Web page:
Here are five of the most popular genres of fiction – it’s pretty much guaranteed that these aren’t going out of style anytime soon! You can feel confident that these genres will have an audience for the foreseeable future. 

Crime Fiction 

Crime fiction is never going out of style! Whodunnit?? From endless Sherlock Holmes remakes, to the longest running play on the West End, Agatha Christie’s Mousetrap which opened in 1952 and ran continuously until 2020 when it had to be cancelled due to Covid – over 27,000 performances! The form gets revitalised by fresh new voices every so often, like Raymond Chandler whose distinct style still reverberates so clearly through much of contemporary fiction. The best selling lists are always chock full of crime fiction – and sometimes a non crime story can really be enlivened by introducing a crime fiction element! Something to think about. Agatha Christie is the best selling writer of all time BTW, tied with Shakespeare at around 3 billion sales. 

Fantasy

If you’re tired of fantasy you’re tired of life. That’s not true, and plenty of reasonable people detest fantasy, but I’m not one of them. Harry Potter! Lord of the Rings! Terry Pratchett! Someone recently described Star Wars to me as a story about space wizards … so true! Indulge your love of world building, lore creating, language developing, and get working on a whole new magic system and universe to populate with your non human characters! Ultimate allegory alert! 

Historical Fiction

Majored in history at uni? Love digging through those dusty tomes, or disappearing down a wikipedia wormhole? Reckon the past still has lessons for us today? Or that history is always repeating? Feel like you belong in another era? Perhaps you were meant to be born in the 20s? Historical fiction has been around forever and as long as we keep making history to recreate, some amongst us will take up that challenge! There’s just so much history, and maybe some corner of it needs to be brought to light! Could you be the one? The awards lists are always full of historical fiction too incase you’re interested in winning yourself some laurels.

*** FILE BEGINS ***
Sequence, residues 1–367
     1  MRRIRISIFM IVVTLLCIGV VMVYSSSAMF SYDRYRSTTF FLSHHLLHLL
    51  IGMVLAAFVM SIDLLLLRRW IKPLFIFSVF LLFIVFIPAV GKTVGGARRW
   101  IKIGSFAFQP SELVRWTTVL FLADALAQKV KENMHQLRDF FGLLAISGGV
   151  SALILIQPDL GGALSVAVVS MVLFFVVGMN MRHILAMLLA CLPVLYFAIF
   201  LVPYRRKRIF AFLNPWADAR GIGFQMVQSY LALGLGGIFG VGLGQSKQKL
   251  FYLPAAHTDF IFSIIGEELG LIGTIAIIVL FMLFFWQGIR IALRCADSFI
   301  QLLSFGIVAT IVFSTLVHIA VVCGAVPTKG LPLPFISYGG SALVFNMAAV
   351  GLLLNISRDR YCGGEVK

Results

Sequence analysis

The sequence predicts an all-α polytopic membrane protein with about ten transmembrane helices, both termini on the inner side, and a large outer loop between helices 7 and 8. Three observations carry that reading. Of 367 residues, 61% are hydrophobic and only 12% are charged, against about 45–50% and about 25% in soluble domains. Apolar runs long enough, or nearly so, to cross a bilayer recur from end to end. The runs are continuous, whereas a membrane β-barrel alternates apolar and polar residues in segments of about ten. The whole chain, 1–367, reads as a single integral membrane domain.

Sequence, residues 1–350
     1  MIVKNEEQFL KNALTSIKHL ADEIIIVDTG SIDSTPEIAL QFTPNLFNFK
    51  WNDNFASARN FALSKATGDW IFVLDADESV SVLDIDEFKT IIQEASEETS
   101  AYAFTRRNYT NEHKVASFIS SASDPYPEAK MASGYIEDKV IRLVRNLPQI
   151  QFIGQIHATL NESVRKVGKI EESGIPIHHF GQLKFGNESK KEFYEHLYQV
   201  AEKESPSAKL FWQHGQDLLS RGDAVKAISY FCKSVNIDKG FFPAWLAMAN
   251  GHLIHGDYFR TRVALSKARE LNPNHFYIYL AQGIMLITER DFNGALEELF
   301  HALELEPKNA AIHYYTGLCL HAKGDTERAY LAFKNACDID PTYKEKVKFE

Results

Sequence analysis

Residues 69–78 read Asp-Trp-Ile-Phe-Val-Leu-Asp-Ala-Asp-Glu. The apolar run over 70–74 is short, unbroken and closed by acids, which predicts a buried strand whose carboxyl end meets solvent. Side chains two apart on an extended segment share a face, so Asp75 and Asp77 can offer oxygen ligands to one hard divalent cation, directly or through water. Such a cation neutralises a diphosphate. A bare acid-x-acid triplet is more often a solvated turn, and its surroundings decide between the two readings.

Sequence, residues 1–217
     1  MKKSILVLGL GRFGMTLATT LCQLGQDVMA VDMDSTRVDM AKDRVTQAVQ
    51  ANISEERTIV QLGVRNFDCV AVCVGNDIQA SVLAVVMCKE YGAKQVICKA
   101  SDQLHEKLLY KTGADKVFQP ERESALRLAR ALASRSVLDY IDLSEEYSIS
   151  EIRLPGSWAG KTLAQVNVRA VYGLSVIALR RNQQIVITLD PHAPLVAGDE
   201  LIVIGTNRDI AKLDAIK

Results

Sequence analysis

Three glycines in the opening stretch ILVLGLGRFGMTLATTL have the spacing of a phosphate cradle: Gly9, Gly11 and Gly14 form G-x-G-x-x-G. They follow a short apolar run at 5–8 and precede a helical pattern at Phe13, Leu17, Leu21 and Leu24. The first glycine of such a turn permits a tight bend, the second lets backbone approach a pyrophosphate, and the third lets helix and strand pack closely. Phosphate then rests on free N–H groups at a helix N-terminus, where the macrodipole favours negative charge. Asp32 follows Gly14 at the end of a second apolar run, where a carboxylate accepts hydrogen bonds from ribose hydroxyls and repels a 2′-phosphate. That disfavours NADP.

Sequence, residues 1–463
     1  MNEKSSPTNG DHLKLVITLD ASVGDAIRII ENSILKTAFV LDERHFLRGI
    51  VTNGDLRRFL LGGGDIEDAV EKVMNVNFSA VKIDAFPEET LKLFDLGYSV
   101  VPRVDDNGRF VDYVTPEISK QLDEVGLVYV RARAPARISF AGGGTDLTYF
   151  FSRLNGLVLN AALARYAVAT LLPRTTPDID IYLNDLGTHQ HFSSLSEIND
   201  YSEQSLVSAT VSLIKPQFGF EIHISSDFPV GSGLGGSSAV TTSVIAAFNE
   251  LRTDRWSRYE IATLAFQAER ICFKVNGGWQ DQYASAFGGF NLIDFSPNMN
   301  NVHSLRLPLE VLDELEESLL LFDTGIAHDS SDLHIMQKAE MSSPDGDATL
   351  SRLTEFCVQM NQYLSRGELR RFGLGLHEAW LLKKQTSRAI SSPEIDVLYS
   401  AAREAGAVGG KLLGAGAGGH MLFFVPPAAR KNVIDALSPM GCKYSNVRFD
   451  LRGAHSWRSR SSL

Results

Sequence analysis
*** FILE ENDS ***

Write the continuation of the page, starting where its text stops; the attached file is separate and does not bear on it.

Horror

People love to be scared. Check out Burke’s theories of the sublime to possible explain why! Regardless, one of the best selling authors of all time, Stephen King, will tell you that there’s a pretty penny, and a plentiful audience, for the writer who leads their reader into the realms of dread. Plumb the human subconscious for things that make them go AHHHHHHH. King has sold around 300 million books: you can get paid good money to say boo. 

Literary Fiction

What is literary fiction anyway? It’s fiction that doesn’t set out to fulfill the tropes or expectations of any particular genre. Writing that aspires towards innovation. That perhaps has lofty ideals re themes and philosophies. It’s always amusing to hear how people define this genre, but I reckon if you make ‘an earnest attempt to create something of societal value that’s innovative’ you’ll be close to the literary genre. Award winners are often drawn from this category. Perhaps it could be defined as a genre full of award aspirants, if you wanted to be cynical!  

Action / Adventure

So many titles fall into this category, and it’s arguable that almost any work of fiction could! But it particularly applies to physical adventures. If the central focus of the tale is an extraordinary physical journey or undertaking, you might be in this category! 

Sci Fi / Speculative

Isaac Asimov, Dune, 1984, The Road, Brave New World. Speculative is a good title for this genre, because that moniker gestures towards what’s really going on here – it’s a look into a possible future, rather than specifically being about science. The Road for instance doesn’t have much science going on, but it is speculative because it’s looking into a dystopian future, in which the world has been destroyed by science, yes. If you’re a science grad you might want to share your science learnings with your readers through entertaining tales! If you have an dire warning about the trajectory humanoids are currently on this one might be for you too! 

Of course there are many more genres and subgenres! I hope you enjoy finding the one that’s the right fit for you! 

Check out some writing exercises for children here.  

Categories: Fiction

Ol Adams

Letter Review is currently edited by Ol Adams, who is a PhD candidate in Creative Writing, casual academic, and guest lecturer at the University of New South Wales. Ol Adams has had short stories published in leading literary journals such as Overland, Southerly, Seizure, and TEXT. Ol has had novels long listed for major awards such as the KYDUMA, has received government funding to produce plays from Create NSW and screenplays from Screen NSW, and has performed / produced professional work at major theatrical venues such as the Sydney Opera House.